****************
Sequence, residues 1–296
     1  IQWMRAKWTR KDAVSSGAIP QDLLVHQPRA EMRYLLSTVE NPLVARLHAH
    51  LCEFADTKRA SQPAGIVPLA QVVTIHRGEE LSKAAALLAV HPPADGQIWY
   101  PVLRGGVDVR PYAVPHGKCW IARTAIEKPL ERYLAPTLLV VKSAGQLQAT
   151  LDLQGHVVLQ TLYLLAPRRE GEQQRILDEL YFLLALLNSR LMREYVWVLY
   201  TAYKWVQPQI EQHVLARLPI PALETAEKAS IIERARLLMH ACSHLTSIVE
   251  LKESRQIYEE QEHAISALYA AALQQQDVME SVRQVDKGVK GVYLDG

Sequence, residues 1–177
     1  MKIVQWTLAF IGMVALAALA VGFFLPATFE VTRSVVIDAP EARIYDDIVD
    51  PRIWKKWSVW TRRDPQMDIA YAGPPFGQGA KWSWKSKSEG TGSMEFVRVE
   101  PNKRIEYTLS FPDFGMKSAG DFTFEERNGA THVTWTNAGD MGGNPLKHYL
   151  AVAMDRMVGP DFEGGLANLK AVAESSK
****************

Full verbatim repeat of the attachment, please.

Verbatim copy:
Sequence, residues 1–296
     1  IQWMRAKWTR KDAVSSGAIP QDLLVHQPRA EMRYLLSTVE NPLVARLHAH
    51  LCEFADTKRA SQPAGIVPLA QVVTIHRGEE LSKAAALLAV HPPADGQIWY
   101  PVLRGGVDVR PYAVPHGKCW IARTAIEKPL ERYLAPTLLV VKSAGQLQAT
   151  LDLQGHVVLQ TLYLLAPRRE GEQQRILDEL YFLLALLNSR LMREYVWVLY
   201  TAYKWVQPQI EQHVLARLPI PALETAEKAS IIERARLLMH ACSHLTSIVE
   251  LKESRQIYEE QEHAISALYA AALQQQDVME SVRQVDKGVK GVYLDG

Sequence, residues 1–177
     1  MKIVQWTLAF IGMVALAALA VGFFLPATFE VTRSVVIDAP EARIYDDIVD
    51  PRIWKKWSVW TRRDPQMDIA YAGPPFGQGA KWSWKSKSEG TGSMEFVRVE
   101  PNKRIEYTLS FPDFGMKSAG DFTFEERNGA THVTWTNAGD MGGNPLKHYL
   151  AVAMDRMVGP DFEGGLANLK AVAESSK